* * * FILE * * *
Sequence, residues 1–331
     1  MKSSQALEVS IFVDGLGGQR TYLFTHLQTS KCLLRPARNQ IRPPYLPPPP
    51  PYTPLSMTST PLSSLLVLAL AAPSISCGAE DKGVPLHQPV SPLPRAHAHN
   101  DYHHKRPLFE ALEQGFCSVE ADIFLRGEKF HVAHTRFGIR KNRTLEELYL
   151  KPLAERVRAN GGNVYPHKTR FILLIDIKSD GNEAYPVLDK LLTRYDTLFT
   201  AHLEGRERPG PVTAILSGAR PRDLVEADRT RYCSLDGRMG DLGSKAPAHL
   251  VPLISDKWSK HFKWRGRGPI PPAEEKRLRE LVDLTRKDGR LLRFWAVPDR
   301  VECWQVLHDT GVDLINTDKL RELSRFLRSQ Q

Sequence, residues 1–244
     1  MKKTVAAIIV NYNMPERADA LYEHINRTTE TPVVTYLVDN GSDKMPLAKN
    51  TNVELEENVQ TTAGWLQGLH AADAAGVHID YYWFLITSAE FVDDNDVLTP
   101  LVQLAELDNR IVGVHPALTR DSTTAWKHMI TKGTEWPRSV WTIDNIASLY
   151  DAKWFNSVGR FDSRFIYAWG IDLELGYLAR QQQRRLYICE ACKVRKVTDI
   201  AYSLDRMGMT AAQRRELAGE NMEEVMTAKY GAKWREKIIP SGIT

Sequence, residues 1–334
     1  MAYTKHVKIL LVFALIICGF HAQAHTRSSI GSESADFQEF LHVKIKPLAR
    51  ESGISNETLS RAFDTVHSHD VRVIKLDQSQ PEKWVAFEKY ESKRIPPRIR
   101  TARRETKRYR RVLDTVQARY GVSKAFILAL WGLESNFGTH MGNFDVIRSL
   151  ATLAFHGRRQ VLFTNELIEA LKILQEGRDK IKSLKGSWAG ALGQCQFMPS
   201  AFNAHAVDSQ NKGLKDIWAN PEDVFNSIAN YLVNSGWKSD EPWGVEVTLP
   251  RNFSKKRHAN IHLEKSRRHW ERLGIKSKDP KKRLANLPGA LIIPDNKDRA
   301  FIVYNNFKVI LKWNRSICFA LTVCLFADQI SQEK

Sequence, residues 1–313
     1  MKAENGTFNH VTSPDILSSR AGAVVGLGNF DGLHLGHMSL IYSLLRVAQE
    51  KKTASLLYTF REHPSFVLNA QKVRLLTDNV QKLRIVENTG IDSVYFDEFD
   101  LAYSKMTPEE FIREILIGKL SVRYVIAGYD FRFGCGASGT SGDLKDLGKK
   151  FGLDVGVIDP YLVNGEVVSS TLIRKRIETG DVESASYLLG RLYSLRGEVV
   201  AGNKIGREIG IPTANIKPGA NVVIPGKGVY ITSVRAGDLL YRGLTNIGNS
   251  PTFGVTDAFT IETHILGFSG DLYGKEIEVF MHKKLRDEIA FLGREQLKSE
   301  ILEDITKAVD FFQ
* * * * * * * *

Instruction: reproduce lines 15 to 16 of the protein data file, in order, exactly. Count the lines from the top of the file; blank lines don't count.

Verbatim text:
Sequence, residues 1–334
     1  MAYTKHVKIL LVFALIICGF HAQAHTRSSI GSESADFQEF LHVKIKPLAR